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Maturity, health-conscious consumers and a decline in product launches have all contributed to a slowdown in ice cream sales in saturated markets such as the US and the UK. However, whilst Unilever and Nestlé dominate overall sales of ice cream, with a combined global value share of 35%, a somewhat controversial revolution is brewing in the background, targeting the ultimate indulgent experience. Will hemp-infused ice cream and alcoholic popsicles pioneer the wave of craft ice cream? Euromonitor International takes a closer look at the rise of craft ice cream and how Unilever and Nestlé should take pointers from two university graduate entrepreneurs.
Retail ice cream sales in the US posted a 1% decline in 2013 compared to historic average growth of 2%, primarily due to a drop in product innovation, consumers switching to healthier products outside ice cream, such as Greek yoghurt or fruit, or opting for cheaper formats. The UK paints a somewhat different picture; growth has also slowed down, but still registered a 5% value increase in 2013, compared to 7% in 2012.
While major manufacturers have been busy trying to launch healthy ice cream formats or jumping on the Greek yoghurt bandwagon, a new wave of entrepreneurs are instead focusing on flavour, excitement and, above all, provocative product innovation. Hemp-infused ice cream by Relaxation Solutions, a subsidiary of Bebida Beverage Company (BeBevCo), is expected to be launched in the US by August this year. The company is partnering up with 80s comedy duo Cheech and Chong to be the face of this ‘’relaxation’’ ice cream, which claims to contain 5mg of hemp per half pint serving. With some states in the US having already legalised recreational marijuana use and more to follow this year, it’s quite the catchy product launch of 2014.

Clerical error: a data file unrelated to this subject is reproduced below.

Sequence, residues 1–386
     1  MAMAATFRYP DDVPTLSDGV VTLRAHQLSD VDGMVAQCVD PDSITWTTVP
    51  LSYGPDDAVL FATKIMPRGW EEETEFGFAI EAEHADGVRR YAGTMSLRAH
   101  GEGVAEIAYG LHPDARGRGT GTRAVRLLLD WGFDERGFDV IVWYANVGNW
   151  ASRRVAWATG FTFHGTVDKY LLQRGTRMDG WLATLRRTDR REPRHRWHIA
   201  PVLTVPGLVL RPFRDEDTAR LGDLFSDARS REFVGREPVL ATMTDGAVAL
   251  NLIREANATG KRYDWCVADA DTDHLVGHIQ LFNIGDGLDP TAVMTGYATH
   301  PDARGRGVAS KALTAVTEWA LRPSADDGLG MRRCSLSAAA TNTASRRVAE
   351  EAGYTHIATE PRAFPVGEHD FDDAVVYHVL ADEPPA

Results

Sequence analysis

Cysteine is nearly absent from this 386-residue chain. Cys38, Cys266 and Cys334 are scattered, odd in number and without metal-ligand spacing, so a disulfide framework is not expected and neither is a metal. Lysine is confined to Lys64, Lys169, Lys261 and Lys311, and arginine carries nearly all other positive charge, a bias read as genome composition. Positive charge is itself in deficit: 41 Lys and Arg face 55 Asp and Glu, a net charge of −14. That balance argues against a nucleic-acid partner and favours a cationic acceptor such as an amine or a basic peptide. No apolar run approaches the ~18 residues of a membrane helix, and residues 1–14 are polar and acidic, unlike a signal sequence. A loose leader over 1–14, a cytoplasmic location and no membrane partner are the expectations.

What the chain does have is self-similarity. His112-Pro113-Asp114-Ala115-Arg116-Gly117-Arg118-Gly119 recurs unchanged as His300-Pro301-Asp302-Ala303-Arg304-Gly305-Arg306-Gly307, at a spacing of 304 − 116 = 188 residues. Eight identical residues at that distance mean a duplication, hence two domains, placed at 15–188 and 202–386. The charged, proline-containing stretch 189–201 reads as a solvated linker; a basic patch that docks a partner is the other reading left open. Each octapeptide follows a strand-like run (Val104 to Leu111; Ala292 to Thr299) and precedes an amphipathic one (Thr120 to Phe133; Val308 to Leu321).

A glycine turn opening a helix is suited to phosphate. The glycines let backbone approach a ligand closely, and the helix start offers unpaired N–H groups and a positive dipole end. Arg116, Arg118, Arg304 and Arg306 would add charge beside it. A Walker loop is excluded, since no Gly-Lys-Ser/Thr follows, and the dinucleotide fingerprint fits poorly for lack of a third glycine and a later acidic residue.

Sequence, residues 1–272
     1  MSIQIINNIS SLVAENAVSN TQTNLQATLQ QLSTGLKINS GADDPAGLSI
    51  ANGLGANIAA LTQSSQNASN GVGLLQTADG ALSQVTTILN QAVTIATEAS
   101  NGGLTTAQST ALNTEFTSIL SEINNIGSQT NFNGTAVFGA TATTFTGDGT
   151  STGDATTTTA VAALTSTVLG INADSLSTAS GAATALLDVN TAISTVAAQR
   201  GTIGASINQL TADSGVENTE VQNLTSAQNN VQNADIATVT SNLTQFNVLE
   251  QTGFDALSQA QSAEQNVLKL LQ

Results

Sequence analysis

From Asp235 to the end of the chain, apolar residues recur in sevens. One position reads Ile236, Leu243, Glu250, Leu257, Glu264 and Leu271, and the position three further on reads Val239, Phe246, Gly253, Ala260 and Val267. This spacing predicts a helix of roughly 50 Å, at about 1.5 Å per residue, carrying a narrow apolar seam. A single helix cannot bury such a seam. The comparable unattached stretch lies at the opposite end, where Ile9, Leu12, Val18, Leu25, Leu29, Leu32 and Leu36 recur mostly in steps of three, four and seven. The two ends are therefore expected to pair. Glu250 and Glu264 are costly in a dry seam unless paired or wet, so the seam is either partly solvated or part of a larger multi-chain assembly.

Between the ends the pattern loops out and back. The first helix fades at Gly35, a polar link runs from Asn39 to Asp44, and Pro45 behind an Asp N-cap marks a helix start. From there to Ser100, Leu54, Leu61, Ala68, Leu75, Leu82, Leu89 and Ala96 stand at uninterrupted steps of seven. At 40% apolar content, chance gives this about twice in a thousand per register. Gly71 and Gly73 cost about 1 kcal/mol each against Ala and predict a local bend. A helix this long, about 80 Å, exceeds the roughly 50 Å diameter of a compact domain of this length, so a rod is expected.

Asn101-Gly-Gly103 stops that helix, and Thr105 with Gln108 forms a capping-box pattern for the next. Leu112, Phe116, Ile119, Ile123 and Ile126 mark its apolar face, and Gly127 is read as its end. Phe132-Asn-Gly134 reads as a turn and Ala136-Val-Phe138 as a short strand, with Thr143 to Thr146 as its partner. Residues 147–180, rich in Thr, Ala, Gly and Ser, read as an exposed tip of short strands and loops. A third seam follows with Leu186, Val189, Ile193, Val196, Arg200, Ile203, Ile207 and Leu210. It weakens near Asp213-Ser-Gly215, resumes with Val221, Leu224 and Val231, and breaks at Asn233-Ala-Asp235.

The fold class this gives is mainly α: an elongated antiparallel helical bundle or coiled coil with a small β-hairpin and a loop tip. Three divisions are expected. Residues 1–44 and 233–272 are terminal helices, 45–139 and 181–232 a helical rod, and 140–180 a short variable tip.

More extravagant products are also being launched. Mahiki Lic, an alcoholic cocktail popsicle, comes in flavours such as Mojito and Piña Colada, and is infused with a 20ml shot of rum, equivalent to drinking one glass of wine. Distribution at the moment is solely through on-trade channels in the UK including festivals such as Park Life and V Festival, as well as nightclubs such as Mahiki, in order to create a buzz around the brand and hit the perfect target audience. Whilst this is still a start-up company of two university graduates funded by grants such as the Prince’s Trust, it is a showcase for creative innovation in ice cream, albeit for a niche market.
Similarly, new brand POPS is introducing champagne popsicles, containing 37% alcohol, and uses a similar approach to distribution, including a point of sale at this year’s Glastonbury, one of UK’s biggest indie/rock music festivals. Whilst the champagne popsicle is very similar to Mahiki Lic’s, it has a slightly more premium positioning, and is due to be launched in the off-trade channel with a suggested retail price of £100 for a box of 24 popsicles. This product would lend itself well to more premium supermarkets, such as Waitrose, to hit the mass market or alternatively in the food hall of department stores such as Harrods or Selfridges, to keep it more exclusive.
Whilst these product launches are in their nascent stages, they won’t form any direct threat to the mass market ice cream giants Unilever and Nestlé, as such. Instead, these launches demonstrate a movement of craftsmanship in ice cream, or in indulgence as a whole, offering a more distinctive product, high in character. The hemp ice cream and alcohol-infused popsicles are targeting a specificmellow and buzz mood audience, that are seeking an indulgent product that can give them a new experience. If successful, these types of products can create a new wave of craft ice cream. Perhaps the two giants can learn from this and develop their ultimate indulgence product. After all, most of Nestlé’s ‘light’ ice cream variants are underperforming compared to their full-fat counter parts. When it comes to ice cream, does one really count calories? Or would they rather experience that ultimate buzz?
Whilst products such as Magnum’s champagne flavoured ice cream or Häagen-Dazs’s black cherry amaretto ice cream are already widely available in the freezer isle, the mere flavouring of the product does not compete with the real thing – the actual buzz of a champagne-infused popsicle.